The cover story in this week's Newsweek is entitled "The End of the South." Some of the story's observations ring true enough. Yet the tone of the piece, and its accompanying photos, paint an oversimplified "black and white" portrait of a land that is actually -- like most everywhere else -- a colorful mix of the flattering and the not-so flattering.
The main piece was written by award-winning writer Christopher Dickey, the son of the late, famed poet and novelist James Dickey, he of "Deliverance" fame.
Christopher Dickey is gifted. But the glasses with which he chose to view his native land for this article were tinted with preconceptions. His knowledge of the modern South and its politics is limited.
A quick check of his bio bears out my take on him. Dickey has served as the bureau chief for Newsweek in Paris (the one in France, not Texas). He's served previously at scattered news bureaus across the word.
It's likely that Dickey's view of how to evaluate the politics and people of the South in 2008 is something akin to how I might report on England today after having lived there 24 years ago. My compass for even attempting a directional read on the place would be dysfunctional.
Dickey's thesis, like most stereotypes, is partly true. The South is a region in transition. Sometimes turbulently so.
What's unsettling about the Newsweek piece is its failure to properly recognize that that much of the population along Dickey's sojourn -- the Carolinas, Tennessee and Georgia -- is concentrated largely in suburban and exurban areas. The demographic makeup of these concentrations of people are made up, sometimes overwhelmingly, by those originally from places north and west of "Dixie"; often young people, who know little about the Civil War, or about the civil rights, and care even less.
Yet many of the article's anecdotes center on the politics or the daily lives of people in rural parts of the South, who are an increasingly insignificant part of the whole population.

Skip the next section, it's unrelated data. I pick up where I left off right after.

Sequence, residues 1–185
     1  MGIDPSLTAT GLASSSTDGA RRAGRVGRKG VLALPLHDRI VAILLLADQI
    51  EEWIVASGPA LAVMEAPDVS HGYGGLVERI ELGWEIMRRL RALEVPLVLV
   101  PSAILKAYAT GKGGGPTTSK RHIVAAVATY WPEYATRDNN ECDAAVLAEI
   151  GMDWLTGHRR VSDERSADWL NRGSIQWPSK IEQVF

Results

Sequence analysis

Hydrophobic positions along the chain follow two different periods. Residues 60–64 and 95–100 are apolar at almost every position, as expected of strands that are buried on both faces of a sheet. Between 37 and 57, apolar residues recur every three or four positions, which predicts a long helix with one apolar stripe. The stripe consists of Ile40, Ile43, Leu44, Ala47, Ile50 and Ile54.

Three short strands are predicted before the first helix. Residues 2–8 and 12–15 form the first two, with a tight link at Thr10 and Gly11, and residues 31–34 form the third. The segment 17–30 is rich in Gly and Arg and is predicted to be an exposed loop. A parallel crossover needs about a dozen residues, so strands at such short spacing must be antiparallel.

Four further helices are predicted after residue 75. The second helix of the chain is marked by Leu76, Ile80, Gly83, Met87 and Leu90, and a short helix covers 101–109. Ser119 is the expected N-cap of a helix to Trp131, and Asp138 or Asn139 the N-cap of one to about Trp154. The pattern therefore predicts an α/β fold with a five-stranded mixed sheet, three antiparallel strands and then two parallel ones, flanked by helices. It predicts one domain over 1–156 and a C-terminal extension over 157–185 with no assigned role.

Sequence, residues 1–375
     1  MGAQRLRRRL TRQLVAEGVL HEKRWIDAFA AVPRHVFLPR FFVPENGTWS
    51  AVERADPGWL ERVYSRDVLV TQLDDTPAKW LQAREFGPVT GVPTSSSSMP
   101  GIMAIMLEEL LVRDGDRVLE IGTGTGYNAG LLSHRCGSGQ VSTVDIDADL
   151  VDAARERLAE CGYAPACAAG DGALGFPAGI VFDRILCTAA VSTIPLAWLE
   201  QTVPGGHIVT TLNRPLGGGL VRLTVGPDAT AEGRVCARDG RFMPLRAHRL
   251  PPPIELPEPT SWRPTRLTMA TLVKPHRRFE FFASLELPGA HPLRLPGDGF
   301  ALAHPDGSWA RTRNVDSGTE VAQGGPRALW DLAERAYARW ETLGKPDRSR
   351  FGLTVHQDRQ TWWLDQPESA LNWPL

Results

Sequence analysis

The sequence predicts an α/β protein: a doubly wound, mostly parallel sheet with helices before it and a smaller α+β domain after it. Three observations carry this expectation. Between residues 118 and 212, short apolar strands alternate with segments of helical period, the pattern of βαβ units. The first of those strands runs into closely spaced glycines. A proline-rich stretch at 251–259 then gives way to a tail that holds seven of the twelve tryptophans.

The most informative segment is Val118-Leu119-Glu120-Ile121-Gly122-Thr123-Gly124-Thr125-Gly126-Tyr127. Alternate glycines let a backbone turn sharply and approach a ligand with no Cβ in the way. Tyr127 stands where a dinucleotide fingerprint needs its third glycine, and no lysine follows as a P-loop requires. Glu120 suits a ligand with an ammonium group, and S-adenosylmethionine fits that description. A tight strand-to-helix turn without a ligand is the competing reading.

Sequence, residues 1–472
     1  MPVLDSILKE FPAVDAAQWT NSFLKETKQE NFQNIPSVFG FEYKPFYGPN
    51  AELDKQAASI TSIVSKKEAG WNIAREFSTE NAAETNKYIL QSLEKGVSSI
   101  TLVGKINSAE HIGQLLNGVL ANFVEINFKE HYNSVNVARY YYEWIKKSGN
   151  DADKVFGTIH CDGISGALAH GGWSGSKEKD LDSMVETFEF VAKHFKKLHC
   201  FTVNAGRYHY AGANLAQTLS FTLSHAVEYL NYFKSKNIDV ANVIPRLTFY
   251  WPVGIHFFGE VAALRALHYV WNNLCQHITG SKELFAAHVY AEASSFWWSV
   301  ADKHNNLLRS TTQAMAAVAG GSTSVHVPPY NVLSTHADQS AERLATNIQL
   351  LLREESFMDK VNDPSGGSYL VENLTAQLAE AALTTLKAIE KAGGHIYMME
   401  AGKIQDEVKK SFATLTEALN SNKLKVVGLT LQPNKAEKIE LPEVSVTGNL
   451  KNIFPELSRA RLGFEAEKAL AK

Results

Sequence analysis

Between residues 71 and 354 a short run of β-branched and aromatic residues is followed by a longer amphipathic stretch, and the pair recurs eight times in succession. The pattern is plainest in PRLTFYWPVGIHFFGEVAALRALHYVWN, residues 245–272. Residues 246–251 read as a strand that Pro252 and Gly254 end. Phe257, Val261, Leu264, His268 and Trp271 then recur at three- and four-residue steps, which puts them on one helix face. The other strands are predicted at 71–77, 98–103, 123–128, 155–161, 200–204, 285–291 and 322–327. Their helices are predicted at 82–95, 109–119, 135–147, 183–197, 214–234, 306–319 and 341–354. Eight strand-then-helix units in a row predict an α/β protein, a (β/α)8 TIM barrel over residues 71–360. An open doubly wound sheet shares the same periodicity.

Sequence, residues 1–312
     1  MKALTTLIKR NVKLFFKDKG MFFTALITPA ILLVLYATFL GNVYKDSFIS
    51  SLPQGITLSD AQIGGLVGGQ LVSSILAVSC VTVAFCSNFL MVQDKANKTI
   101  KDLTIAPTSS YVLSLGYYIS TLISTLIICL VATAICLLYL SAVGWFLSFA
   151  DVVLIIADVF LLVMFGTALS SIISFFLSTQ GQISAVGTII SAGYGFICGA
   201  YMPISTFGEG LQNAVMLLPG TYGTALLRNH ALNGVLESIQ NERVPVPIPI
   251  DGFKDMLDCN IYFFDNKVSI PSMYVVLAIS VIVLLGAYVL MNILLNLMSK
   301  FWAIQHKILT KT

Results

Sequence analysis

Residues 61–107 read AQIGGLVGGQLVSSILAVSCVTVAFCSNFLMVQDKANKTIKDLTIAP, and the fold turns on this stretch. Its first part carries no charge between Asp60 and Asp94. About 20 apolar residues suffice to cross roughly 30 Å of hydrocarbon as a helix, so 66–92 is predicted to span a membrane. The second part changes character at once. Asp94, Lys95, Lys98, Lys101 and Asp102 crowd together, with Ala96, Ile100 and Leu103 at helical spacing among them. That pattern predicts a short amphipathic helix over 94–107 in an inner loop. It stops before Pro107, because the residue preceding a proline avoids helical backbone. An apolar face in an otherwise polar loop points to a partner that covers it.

Dickey writes that, "People [here] remember what they want and call it history. That much is true almost any place in the world. But in the South, if people aren't careful, history can start to run their lives, even put them at risk." Huh?
Actually that passage is the set-up for a story he relates about his father's late brother, who kept a large collection of Civil War artillery in his basement.
Dickey misfires when he paints the impression that a lot of Southerners are obsessed about the Civil War. The fact is that most have little knowledge of or interest in that titanic, formative conflict of American history. Most simply don't give a hang; it has no relevance to their everyday lives. So what if he sniffed out some fringe group in rural Georgia who reenact Civil War battles? That scene hardly is representative of most people in Georgia, or anywhere else in the region.
Beyond Dickey's selective cultural observation, the photos chosen to accompany the article are wildly out of proportion to reality. They include a faded sign in the woods that says "Jesus Saves Vote"; a room full of bigoted collectibles such as KKK hoods and the old Georgia flag with its Confederate battle emblem; and a rundown store that is likely abandoned.
But my favorite was a snapshot of people watching a movie at a "drive-in" theater. What a hoot! At most, there are a handful of drive-ins in the state where that image was taken; and most of them were built at expensive mountain resorts as "retro" cool places for wealthy urbanites who want to get away for the weekend.
Why does all of this matter? As the CEO of a company that owns the well-respected D.C.-based Southern Political Report, we like to think we know our Southern politics.
Let's face it: The upshot of this article was to paint the South as a region struggling to emerge from a Civil War and civil rights obsession. A place where an African-American candidate for office -- Barack Obama -- can't win white votes.
Yet our most recent InsiderAdvantage survey of the presidential race in one of the states on which Dickey writes proves him dead wrong in his assumption that Obama has no chance to gain white support.
CNN exit polls show that John Kerry, a white Democrat, carried 23 percent of the white vote in Georgia in 2004. Obama already polls 23 percent among white voters there, and there are still a lot of undecided whites still to make up their minds. Where is this "history laden" barrier for Obama?"
Mostly inside Dickey's head.